Aortic, Interrupted Arch

Article Author:
Jonanlis Ramirez Alcantara
Article Editor:
Magda Mendez
Updated:
10/27/2018 12:31:40 PM
PubMed Link:
Aortic, Interrupted Arch

Introduction

Congenital heart disease is an abnormal formation of the heart or blood vessels next to the heart. It has an incidence of 8 cases of every 1000 live birth worldwide.[1] In the United States, congenital heart disease affects 1% of births (40,000) per year, of which 25% have critical Congenital heart disease.[2][3] In the U.S. the congenital heart disease represents approximately 4.5% of all neonatal deaths. The survival rate of patients with congenital heart disease will depend on the severity, time of diagnosis, and treatment. Approximately 97% of babies born with a non-critical congenital heart disease have a life expectancy of one year of age, and approximately 95% are expected to live around 18 years of age.

A rare type of congenital heart disease is an interrupted aortic arch (IAA), which affects approximately 1.5% of congenital heart disease patients.[4] Interrupted aortic arch is an anomaly that can be considered the most severe form of aortic coarctation.[5] In an IAA, there is an anatomical and luminal disruption between the ascending and descending aorta. IAA is a ductus dependent lesion since this is the only way the blood flow can travel to places distal to the disruption. There is posterior malalignment of the conal septum additional to the interrupted aortic arch, producing a ventricular septal defect as an associated lesion. This lesion is present is approximately 73% of all cases. Due to this malalignment, there could be left ventricular outflow tract obstruction. Besides a ventricular septal defect, IAA can be associated with other more complicated cardiac anomalies; for example, transposition of the great arteries, truncus arteriosus, aortopulmonary window, single ventricle, aortic valve atresia, right-sided ductus, and double-outlet right ventricle.[4]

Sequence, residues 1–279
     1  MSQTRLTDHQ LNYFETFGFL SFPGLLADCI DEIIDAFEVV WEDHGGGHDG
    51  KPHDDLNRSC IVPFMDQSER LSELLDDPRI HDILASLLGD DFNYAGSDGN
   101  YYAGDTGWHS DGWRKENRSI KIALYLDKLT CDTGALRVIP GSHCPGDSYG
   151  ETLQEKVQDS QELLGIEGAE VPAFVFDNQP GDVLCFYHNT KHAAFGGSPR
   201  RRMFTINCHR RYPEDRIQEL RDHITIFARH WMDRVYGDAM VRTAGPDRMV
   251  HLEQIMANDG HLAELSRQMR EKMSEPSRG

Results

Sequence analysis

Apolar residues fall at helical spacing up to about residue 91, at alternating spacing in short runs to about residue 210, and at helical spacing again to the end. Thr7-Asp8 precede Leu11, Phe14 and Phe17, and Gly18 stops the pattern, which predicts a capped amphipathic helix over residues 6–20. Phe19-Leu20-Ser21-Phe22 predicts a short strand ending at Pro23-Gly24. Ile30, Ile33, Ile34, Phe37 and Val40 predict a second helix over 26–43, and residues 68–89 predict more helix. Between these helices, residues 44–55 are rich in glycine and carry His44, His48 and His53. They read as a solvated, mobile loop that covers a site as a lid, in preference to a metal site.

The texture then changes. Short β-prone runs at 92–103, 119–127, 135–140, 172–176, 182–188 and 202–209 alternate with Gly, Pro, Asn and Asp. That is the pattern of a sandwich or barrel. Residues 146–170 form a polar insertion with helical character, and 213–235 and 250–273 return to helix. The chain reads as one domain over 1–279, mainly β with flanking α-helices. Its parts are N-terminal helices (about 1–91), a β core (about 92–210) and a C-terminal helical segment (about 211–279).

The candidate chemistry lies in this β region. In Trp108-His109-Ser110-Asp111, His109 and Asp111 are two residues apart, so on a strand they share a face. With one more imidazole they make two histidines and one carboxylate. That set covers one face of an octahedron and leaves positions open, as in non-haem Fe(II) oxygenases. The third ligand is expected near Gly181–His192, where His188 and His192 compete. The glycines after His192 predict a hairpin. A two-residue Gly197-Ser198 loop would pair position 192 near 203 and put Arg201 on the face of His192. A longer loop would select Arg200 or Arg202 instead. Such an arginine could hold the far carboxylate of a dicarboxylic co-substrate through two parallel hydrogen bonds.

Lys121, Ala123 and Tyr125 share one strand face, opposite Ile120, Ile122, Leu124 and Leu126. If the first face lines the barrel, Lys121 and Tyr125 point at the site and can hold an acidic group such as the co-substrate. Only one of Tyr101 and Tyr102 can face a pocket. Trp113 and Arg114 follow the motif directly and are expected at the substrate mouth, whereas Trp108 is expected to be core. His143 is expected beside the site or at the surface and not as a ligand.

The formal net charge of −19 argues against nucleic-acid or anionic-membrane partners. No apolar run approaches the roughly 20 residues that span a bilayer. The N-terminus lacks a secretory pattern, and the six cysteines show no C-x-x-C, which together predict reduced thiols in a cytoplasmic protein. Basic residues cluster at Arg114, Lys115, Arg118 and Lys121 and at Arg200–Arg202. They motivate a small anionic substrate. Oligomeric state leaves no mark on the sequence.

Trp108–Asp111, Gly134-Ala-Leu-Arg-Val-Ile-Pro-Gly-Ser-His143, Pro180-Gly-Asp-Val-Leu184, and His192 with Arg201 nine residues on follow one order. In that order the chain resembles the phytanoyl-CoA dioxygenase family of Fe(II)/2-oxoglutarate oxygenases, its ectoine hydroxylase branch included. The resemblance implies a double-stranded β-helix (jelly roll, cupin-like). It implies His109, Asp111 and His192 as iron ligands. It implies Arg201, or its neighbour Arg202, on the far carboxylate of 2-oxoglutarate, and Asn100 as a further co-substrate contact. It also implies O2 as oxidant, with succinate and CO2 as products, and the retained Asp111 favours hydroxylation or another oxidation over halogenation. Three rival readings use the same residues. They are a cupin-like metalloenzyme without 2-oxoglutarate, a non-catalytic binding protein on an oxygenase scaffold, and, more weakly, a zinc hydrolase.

Etiology

Almost 50% of patients with interrupted aortic arch (IAA) have a 22q11.2 deletion; this cause of 22q11.2 deletion syndrome, also known as DiGeorge syndrome. Approximately 75% to 85% of patients with a 22q11.2 deletion have congenital heart disease that can range from asymptomatic to very severe that requires intervention in the newborn period. Besides an IAA, these patients can have other types of congenital heart diseases that can be classified into two groups, the branchial arch defects, and conotruncal defects. Branchial arch defects include IAA, coarctation of the aorta, and right aortic arch. Conotruncal defects include tetralogy of Fallot, sub-arterial ventricular septal defects, double-outlet right ventricle, and truncus arteriosus. Another syndrome associated with IAA is CHARGE syndrome.

Epidemiology

The incidence of interrupted aortic arch (IAA) is about 2 cases per 100,000 live births.

Nearly all patients with IAA present in the first 2 weeks of life when the ductus arteriosus closes. Most patients present in the first day of life.

Pathophysiology

During fetal circulation, the ductus arteriosus provides blood to the distal extremities of the fetus and the upper part of the body receives its blood supply from the left ventricle to the aorta. After birth, the pulmonary vascular resistance decreases, promoting the closure of the ductus arteriosus. This leads to the inability of the heart to provide blood to the distal part of the body and produces respiratory distress and cyanosis, leading to cardiogenic shock and death if the necessary measures are not instated in time.

Classification

According to the Celoria and Patton classification, interrupted aortic arch can be grouped into three types, depending on the site of the disruption[6][7][8]:

  • Type A: The disruption is located distal to the left subclavian artery; this is the second most common disruption represents approximately 13% of the cases.